View the video below to get the full review of pages 8 through 13 of the Massachusetts Title V Septic Inspection Form by Al Rivet of All Clear Septic & Wastewater Services!

 

If you need an inspection, have questions or need septic services, please call All Clear Septic & Wastewater Services at 508-763-4431!

 

All Clear Septic & Wastewater Services

All Clear Septic & Wastewater Services, Title 5 Inspections

Part 2 – Al Rivet walks through Massachusetts Title V ( Title 5 ) Septic Inspection Form

Al Rivet with All Clear Septic & Wastewater Services walks through the Massachusetts Title V ( Title 5 ) Inspection Form – Part 2

Do you have questions about the Massachusetts Title V ( Title 5 ) Inspection form?  Do you have a septic inspection pending?  Al Rivet from All Clear Septic & Wastewater Services takes us through the 17 page document line by line, highlighting the sections which may cause confusion or need further explanation.

In part two of his overview of the form, he begins with a request that you read the form in detail, as you go along with this video if you so desire.   He then goes into detail regarding the failure criteria, including one of the most common failure reasons being part of the soil absorption system below the groundwater high level.  This is to ensure the system does not contaminate the local groundwater or well.

Large systems for condominiums or other businesses is the next subject, with flows between 10,000 and 15,000 gallons per day.  This is mentioned to be sure the system capacity is sufficient for the water used by the business or living space.   There are different criteria for the septic system which must be taken into account to pass due to size, capacity and space needed for the soil absorption system.

The top of page six begins the checklist identifying the current state of the septic system.  It requires the inspector to note all aspects of the system including pumping records, plan inspections and any record of recent maintenance to the system.  These pieces of information will give the inspector a better understanding of the system’s health.

The bottom of page six and all of page seven are dedicated to the current conditions under which the septic system is being used.  The number of bedrooms the system was designed for compared to the actual number of bedrooms is first, and quite important.  A healthy system is designed to handle at minimum the total number of bedrooms in the dwelling, if not more.   If there are more bedrooms than the system was designed for there could be significant flow issues and the possibility of contaminating the ground water.  Other pieces of information noted are laundry or garbage grinder usage, seasonal living and any water meter readings if they are available.

Lastly on page 7 are conditions if the system if for commercial or industrial usage, with technical information regarding the system design and usage being listed.

Watch the video below as Al Rivet walks you through this portion of the Massachusetts Title V ( Title 5 ) Septic Inspection Form!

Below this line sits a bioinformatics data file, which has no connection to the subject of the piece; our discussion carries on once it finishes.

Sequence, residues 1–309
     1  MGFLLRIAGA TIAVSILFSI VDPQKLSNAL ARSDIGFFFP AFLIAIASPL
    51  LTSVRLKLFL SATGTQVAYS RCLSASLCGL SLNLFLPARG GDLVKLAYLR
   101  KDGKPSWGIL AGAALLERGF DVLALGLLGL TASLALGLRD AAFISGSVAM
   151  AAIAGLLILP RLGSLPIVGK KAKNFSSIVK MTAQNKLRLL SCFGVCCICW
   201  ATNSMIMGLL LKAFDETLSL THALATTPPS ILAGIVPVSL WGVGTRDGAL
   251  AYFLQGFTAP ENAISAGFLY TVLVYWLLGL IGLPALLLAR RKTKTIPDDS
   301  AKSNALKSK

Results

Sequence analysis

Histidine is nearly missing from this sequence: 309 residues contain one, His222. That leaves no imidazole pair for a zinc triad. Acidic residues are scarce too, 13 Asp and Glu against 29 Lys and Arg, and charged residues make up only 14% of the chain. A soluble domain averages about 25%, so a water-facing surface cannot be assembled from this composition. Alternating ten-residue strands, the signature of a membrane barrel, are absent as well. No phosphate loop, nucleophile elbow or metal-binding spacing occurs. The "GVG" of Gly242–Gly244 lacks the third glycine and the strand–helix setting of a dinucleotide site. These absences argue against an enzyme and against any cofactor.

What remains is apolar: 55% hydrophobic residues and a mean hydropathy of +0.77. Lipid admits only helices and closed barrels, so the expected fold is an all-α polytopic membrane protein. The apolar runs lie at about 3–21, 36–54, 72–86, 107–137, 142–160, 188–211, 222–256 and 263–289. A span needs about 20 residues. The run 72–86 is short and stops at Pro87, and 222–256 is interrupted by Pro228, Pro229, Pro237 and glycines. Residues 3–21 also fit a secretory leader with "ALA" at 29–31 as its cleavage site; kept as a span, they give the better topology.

If you need an inspection, have questions or need septic services, please call All Clear Septic & Wastewater Services at 508-763-4431!

 

All Clear Septic & Wastewater Services

All Clear Septic & Wastewater Services, Title 5 Inspections

Al Rivet walks through Massachusetts Title V ( Title 5 ) Septic Inspection Form

Al Rivet with All Clear Septic & Wastewater Services walks through the Massachusetts Title V ( Title 5 ) Inspection Form Part 1.

 

Do you have questions about the Massachusetts Title V ( Title 5 ) Inspection form?  Do you have a septic inspection pending?  Al Rivet from All Clear Septic & Wastewater Services takes us through the 17 page document line by line, highlighting the sections which may cause confusion or need further explanation.

The top of page 1 from the form details the property location and the inspector’s qualifications.  This portion is key as it indicates exactly who is handling the inspection and their state-issued license information.  This is good to have in the event there is some issue in the future or you need a second inspection after completing any upgrades or alterations to the existing system.

The bottom of page 1 and page two detail the status of the system after the inspection.  It can Pass, Conditionally Pass, Fail or require further  Evaluation by the Local Approving Authority.     A passed inspection requires just a check in the box and any comments the inspector feels necessary to add.  A “Conditionally passed” inspection requires the owner to perform some manner of work on the system in order to fully pass, but it is not enough to fail the system.  A “Fail” inspection means the system requires replacement, repair or significant work to bring it up to code.  A “Further Evaluation is Required by the Board of Health” inspection is to ensure the system meets local regulations regarding system location and proximity to drinking water, wells or other wetlands in an effort to prevent environmental contamination.

Below is a video of Al Rivet discussing these points at length!

 

If you need an inspection, have questions or need septic services, please call All Clear Septic & Wastewater Services at 508-763-4431!

 

All Clear Septic & Wastewater Services Title V Inspection

Do's and Don'ts

How to Keep Your Massachusets Septic System in Great Shape During the Holidays

septic-system-holidaysThe holidays are usually a time for overindulgence. In fact, more Americans gain weight in the time period between Thanksgiving and New Year’s each year due to all of the holiday meals, parties, cookies and other sweet treats that always seem to get handed out this time of year. Unfortunately you are not alone. If you are the proud owner of a septic system then you are hopefully well aware of the toll that the holidays can take on it if you are not prepared.